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New Zealand
Level 8 - NCEA Level 3

Newton's law of cooling


Isaac Newton, in the early 1700s, observed that the rate of change of the temperature of a body was proportional to the difference between the temperatures of the body and its surroundings.

In mathematical symbols, we write $\frac{\mathrm{d}T}{\mathrm{d}t}=k\left(T-T_a\right)$dTdt=k(TTa) where $T$T is the temperature of the body at time $t$t and $T_a$Ta is the ambient temperature.

This is a differential equation that is almost in a form whose solution we recognise from previous work. To make it completely recognisable, we might do the following:

Put $y=T-T_a$y=TTa and hence, $\frac{\mathrm{d}y}{\mathrm{d}T}=1$dydT=1.

Now, using the chain rule,

$\frac{\mathrm{d}y}{\mathrm{d}t}$dydt $=$= $\frac{\mathrm{d}y}{\mathrm{d}T}.\frac{\mathrm{d}T}{\mathrm{d}t}$dydT.dTdt
  $=$= $1\times ky$1×ky
  $=$= $ky$ky

This differential equation has the solution $y=Ae^{rt}$y=Aert. So, $T-T_a=Ae^{rt}$TTa=Aert, or $T=T_a+Ae^{rt}$T=Ta+Aert.

We see that at time $t=0$t=0, the temperature of the body is  $T(0)=T_a+A$T(0)=Ta+A. We, therefore, set the parameter $A$A to $T(0)-T_a$T(0)Ta. So, the required function is:


The parameter $r$r will need to be determined from experimental results. If cooling is occurring, $r$r will be negative.


Example 1

A container of water is boiled and left to stand in a room with ambient temperature $20^\circ\text{C}$20°C. In $12$12 minutes, the water has cooled to $60^\circ\text{C}$60°C. How long will it take for the water to cool to $25^\circ\text{C}$25°C?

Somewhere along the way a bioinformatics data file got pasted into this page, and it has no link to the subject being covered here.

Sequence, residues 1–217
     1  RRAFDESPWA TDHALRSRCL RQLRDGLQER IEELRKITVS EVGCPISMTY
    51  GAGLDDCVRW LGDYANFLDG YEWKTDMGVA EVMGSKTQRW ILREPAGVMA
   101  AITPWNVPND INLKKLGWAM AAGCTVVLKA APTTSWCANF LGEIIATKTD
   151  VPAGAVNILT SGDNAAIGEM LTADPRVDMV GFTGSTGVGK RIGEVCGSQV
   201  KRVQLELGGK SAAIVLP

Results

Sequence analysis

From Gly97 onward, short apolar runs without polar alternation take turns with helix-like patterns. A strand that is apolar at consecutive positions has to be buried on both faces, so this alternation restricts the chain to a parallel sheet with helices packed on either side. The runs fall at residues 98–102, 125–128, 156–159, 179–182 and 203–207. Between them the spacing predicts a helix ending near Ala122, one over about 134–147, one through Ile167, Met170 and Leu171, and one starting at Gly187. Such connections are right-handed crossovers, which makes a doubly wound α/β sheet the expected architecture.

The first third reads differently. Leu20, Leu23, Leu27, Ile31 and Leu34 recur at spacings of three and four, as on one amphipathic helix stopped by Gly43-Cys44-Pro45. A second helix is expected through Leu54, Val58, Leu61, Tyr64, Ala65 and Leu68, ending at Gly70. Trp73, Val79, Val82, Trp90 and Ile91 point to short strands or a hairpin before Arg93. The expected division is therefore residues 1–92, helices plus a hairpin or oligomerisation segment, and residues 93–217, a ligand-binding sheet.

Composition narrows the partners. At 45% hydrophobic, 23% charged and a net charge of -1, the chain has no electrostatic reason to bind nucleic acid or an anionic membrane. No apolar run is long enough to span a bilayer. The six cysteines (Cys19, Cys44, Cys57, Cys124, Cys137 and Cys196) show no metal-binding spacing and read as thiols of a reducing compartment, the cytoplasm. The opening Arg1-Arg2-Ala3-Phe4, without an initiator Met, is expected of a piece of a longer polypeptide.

We can use the known solution to the differential equation and write 

$T$T $=$= $T_a+\left(T(0)-T_a\right)e^{rt}$Ta+(T(0)Ta)ert
  $=$= $20+80e^{rt}$20+80ert

From the given information, we can obtain the parameter $r$r.

$60$60 $=$= $20+80e^{12r}$20+80e12r
$\frac{40}{80}$4080 $=$= $e^{12r}$e12r
$\ln0.5$ln0.5 $=$= $12r$12r
$r$r $=$= $-0.0578$0.0578

Thus, with the parameter inserted, the formula is


We solve for $t$t when $T=25$T=25.

$25$25 $=$= $20+80e^{-0.0578t}$20+80e0.0578t
$\frac{5}{80}$580 $=$= $e^{-0.0578t}$e0.0578t
$\ln0.0625$ln0.0625 $=$= $-0.0578t$0.0578t
$t$t $=$= $-\frac{\ln0.0625}{0.0578}$ln0.06250.0578
  $=$= $47.97$47.97

The water cools to $25^\circ\text{C}$25°C in just under $48$48 minutes.





In the first part of this chapter, we solved a differential equation to obtain the explicit function $T=T_a+\left(T(0)-T_a\right)e^{rt}$T=Ta+(T(0)Ta)ert

Whenever a differential equation is solved, it is a good practice to verify that the proposed solution is correct by differentiating. In this case, we need to find $\frac{\mathrm{d}T}{\mathrm{d}t}$dTdt. Thus,

$T$T $=$= $T_a+\left(T(0)-T_a\right)e^{rt}$Ta+(T(0)Ta)ert
$\frac{\mathrm{d}T}{\mathrm{d}t}$dTdt $=$= $\left(T(0)-T_a\right)re^{rt}$(T(0)Ta)rert